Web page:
Henry VIII set up the Protestant Church of England , which meant England broke ties with the Catholic church. This also meant that Catholics weren’t very popular in England – some were even put to death. But, when Mary I became Queen it was the other way around – her mum, Catherine of Aragon, was Catholic and Mary was Catholic too. She had over 280 people put to death because of their religion, which gave her the nickname ‘Bloody Mary’.

After Mary, Elizabeth I (a Protestant) became Queen.

Some of the games played in Tudor times are games we still play today, such as bowls and tennis. The version of tennis played by Tudors was called ‘paume’.

A lot of what we know about what people would have had in their homes during Tudor times is from inventories, which are lists of possessions that people had when they died.

Music was very popular in Tudor times, and it was a large part of entertainment both in the royal court as well as for the peasants. It also meant that somebody from any class – rich or poor – who was good enough at an instrument could have the chance to play for the king or queen! Musical instruments played include the viol, hautboy, harpsichord, spinet and virginals.

According to someone who lived during Tudor times, William Harrison, there were four different classes in society:

  • gentlemen (nobles and professionals)
  • citizens of the cities (people who were free, not slaves, and who had special rights)
  • yeomen of the countryside (people who were free, not slaves, and could run cities and farms in the country)
  • poor (slaves, farm workers, and vagrants who didn’t have a home and lived on the streets)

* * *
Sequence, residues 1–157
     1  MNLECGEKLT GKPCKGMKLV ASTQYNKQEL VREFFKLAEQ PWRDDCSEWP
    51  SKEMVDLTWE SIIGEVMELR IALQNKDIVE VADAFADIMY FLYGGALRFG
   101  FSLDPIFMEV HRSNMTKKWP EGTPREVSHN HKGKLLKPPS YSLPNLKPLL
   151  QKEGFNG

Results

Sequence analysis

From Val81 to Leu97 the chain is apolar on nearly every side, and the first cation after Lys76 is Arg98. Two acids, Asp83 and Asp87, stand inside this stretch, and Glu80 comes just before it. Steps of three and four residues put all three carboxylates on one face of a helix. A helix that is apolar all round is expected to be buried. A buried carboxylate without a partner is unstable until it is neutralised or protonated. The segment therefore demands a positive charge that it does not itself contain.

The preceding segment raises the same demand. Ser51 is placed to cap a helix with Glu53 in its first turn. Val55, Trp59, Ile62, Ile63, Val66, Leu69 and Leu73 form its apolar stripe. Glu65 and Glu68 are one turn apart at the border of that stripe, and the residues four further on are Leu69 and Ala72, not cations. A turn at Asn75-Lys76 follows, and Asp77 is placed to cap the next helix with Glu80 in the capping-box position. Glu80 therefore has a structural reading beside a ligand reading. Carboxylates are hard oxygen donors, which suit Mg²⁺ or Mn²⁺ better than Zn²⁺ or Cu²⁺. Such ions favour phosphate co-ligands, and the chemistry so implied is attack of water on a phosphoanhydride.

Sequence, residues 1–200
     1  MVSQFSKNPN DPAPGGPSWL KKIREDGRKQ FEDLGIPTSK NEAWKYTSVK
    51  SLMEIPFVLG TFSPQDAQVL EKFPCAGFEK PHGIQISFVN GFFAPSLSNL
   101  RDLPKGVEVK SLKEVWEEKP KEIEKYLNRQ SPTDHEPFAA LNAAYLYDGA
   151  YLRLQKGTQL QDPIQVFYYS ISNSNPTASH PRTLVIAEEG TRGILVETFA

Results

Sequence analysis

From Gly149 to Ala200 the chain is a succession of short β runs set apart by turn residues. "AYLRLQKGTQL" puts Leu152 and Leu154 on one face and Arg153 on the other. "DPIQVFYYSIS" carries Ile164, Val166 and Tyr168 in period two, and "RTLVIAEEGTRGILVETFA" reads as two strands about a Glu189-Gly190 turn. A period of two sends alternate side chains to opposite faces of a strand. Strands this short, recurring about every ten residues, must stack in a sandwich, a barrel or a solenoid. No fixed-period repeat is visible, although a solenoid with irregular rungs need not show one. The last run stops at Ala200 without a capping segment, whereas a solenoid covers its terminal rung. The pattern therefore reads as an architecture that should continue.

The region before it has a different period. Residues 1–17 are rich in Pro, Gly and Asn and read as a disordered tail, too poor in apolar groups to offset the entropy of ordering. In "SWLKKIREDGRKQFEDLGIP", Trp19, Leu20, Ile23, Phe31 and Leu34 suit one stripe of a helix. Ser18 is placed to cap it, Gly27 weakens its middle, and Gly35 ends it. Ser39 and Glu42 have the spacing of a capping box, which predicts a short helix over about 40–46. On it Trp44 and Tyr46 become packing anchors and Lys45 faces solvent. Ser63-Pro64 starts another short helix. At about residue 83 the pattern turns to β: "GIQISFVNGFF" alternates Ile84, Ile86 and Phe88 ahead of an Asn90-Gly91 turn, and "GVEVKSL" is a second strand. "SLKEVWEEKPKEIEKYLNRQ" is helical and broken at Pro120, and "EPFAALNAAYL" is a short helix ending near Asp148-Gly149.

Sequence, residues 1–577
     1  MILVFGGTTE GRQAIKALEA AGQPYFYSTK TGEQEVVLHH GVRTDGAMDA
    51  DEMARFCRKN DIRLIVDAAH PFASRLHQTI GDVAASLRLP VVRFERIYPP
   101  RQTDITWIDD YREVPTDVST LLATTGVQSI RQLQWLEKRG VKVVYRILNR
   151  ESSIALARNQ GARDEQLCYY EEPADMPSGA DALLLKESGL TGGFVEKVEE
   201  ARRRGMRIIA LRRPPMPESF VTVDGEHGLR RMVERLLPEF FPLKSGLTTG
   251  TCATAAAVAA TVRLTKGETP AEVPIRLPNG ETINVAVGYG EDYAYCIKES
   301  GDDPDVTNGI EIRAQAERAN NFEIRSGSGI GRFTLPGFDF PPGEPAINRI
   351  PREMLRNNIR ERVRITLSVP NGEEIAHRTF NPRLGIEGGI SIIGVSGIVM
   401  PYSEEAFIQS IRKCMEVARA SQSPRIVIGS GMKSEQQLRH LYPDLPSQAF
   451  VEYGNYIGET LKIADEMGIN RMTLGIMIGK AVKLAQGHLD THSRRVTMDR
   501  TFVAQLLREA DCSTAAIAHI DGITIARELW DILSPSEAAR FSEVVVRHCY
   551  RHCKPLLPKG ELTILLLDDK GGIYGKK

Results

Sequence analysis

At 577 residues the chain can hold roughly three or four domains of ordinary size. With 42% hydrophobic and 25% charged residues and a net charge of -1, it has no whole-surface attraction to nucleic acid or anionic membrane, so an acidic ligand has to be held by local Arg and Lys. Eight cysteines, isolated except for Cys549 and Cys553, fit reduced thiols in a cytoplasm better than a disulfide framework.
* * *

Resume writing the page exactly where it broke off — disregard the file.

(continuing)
School could be expensive, so only people who could pay for it would send their children. At grammar school, they’d learn maths, Latin and Greek, and about religion. Only boys went to school, though sometimes girls from rich families would have tutors. When Edward VI was king, some schools were set up that didn’t cost anything so more people were able to be educated.

Jobs that people would have had in Tudor times include being a butcher, baker, weaver, fishmonger (catching and selling fish), tailor, blacksmith, shoemaker and washerwoman. There were different kinds of jobs in the royal court that involved serving the king or queen, such as being a page or a lady in waiting.

If you did something wrong and broke the law in Tudor times, you could get a pretty harsh punishment . If any of these happened to you, you’d been let off easy: whipping, being branded with a hot iron, and being locked in between bits of wood in the centre of town for people to laugh at you. The worst punishments were executions, such as beheading, being hung, being burned at the stake, or being boiled alive. Executions were public events that lots of people would come to watch.

Names to know:

King Henry VII (1457-1509) – Henry VIII was the first Tudor king, and ruled from 1485-1509. He won the Battle of Bosworth Field, which ended the War of the Roses.

King Henry VIII (1491-1547) – King Henry VIII ruled from 1509-1547. Find out more about him here.  //crosslink//